Because I raise children, I know that the world is full of wonders. Nearly everything is a wonder to them. Most days I feel less like a teacher and more like a tour guide to the world, the good stuff and the bad. They pepper me with rapidfire questions, interrupting if they don't understand something I'm reading or saying. And they're kids so they interrupt a lot.
"Who made the world?"
"How does that work?"
"Were Nazis real?"
"What do the flowers mean, mama, by blooming?"
There are days that the constant barrage of inquiries makes me bone-tired. "I don't know, I don't know—the world just works, okay, kid? Just accept it and stop thinking." When I get to that last bit, that's when I remember that I never want my kids to stop thinking. I want them to be excellent thinkers and even better doers. So I started to keep a list of running questions that I don't know the answers to, things to further research, stuff to look up together.
"I don't know," I say, "that's a great question. You ask the best questions. Let's find out."
Wonder isn't something that can be rushed. You have to relax into wonder. I have to let go of what I think I know, surrender whatever my agenda was, and usually get into some kind of precarious physical situation-down to the ground, neck craned up at the sky-and get curious with them. You can't wonder if you're rigid and unyielding. Wonder is rarely convenient. It's usually an interruption, something that's burning at the kids, something they're trying to figure out by circling it over and over and over again. Wonder takes time, to get to the right question before you get the answer that satisfies their curiosity.
Curiosity is never really ever quenched, like love, it's something that multiplies and grows. Properly handled, it matures into passion and understanding and wisdom. Before that, it's just wonder, things or people are astonishing, inexplicable. And they wonder.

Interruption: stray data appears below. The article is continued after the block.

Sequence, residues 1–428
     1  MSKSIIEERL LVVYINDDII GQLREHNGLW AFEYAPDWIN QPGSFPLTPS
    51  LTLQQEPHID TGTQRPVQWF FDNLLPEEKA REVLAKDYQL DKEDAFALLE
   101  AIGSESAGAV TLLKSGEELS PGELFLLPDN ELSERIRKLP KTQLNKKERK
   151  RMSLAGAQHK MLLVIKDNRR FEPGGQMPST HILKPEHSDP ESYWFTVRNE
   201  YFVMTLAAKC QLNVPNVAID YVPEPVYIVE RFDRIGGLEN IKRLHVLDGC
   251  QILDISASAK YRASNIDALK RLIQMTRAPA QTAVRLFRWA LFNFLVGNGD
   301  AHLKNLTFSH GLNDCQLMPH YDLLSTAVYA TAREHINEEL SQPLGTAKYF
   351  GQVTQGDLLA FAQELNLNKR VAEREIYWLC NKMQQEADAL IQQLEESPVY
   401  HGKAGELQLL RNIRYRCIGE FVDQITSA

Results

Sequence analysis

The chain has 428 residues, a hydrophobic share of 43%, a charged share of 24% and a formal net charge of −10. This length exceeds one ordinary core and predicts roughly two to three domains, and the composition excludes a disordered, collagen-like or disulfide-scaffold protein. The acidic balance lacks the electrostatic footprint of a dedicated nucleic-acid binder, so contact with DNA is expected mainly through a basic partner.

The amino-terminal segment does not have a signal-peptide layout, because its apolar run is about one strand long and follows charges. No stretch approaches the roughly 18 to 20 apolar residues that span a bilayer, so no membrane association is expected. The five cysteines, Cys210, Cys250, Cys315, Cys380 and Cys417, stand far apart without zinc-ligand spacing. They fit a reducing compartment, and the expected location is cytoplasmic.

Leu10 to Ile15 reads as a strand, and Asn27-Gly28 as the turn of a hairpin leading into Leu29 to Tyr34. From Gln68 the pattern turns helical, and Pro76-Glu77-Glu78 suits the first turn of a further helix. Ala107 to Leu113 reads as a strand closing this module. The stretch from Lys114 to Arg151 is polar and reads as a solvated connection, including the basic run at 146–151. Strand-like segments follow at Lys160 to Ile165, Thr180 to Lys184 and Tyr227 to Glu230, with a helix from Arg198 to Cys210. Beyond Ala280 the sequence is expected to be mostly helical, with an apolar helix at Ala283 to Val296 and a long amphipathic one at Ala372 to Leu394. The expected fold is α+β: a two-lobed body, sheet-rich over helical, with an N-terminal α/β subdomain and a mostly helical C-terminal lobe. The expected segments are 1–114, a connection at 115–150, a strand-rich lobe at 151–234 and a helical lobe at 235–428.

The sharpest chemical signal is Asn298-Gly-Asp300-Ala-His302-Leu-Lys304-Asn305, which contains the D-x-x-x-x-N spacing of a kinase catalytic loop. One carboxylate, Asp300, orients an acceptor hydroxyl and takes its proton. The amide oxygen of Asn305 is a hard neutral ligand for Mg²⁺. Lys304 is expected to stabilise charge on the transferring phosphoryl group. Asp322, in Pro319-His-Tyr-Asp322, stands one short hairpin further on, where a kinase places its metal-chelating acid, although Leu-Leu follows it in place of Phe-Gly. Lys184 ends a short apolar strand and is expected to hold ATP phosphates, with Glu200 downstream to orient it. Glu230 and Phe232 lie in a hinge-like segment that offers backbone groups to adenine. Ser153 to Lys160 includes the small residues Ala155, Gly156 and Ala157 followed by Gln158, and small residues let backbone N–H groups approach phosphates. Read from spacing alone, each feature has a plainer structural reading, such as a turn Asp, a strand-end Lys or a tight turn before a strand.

The thing that takes the longest to understand is when they wonder about themselves, how and why they feel a certain way, why they were made a specific way, they struggle with their differences and deficiencies, they wonder about themselves. I learn so much from listening to them cipher themselves out. There are so many codes to learn when you're little, how to read--the written code, how to behave--the social code. How to be themselves, the best one they can be, that code is written by their DNA and their environment and that's one they have to write themselves, ultimately. I can equip them, point stuff out, teach them how I think it's best to respond, but that's about it. I like best watching them wrestle with themselves internally and externally about really hard things like grief and loss and pain and unfairness. I like it because in their wonder there's such resilience, it comes shining out. Sometimes in tears, in clenched teeth, in frustrated sighs, but there is still a childlike wonder to it. What is this, how do I deal with this? They never say it, but I can read the entreaties in their eyes, "help me, give me words for this."
I think this is what God commands in Deuteronomy 11 when it's written, after the first and greatest commandment, "Love the Lord your God,"
"Teach them to your children, talking about them when you sit at home and when you walk along the road, when you lie down and when you get up."
Let them wonder big and out loud, let them talk in ever-widening circles of wonder about the mysteries of the seen and unseen worlds they inhabit. Let them push and prod and wrestle. Wrestle with them. Show them how. Use the old stories and the new stories. Let them see as much as they can until they ask a new question.
Teaching like this is as natural as breathing for me these days. It's become part of our rhythm. I've relaxed into it and the joy of discovery (good and bad ones, there are plenty of both). I've begun asking wise people, older people, younger people, questions now too, the things I wonder I don't just stuff down, I bring it out and poke it a little to see what happens. I've gotten a little more comfortable with uncertainty, with not knowing.
The word wonder itself doesn't seem to have an etymology beyond German wunder. We don't even know where the wonder came from and isn't that a wonder?
There is so much I don't know. There is so much I want to know.
The wide worlds are full of wonder.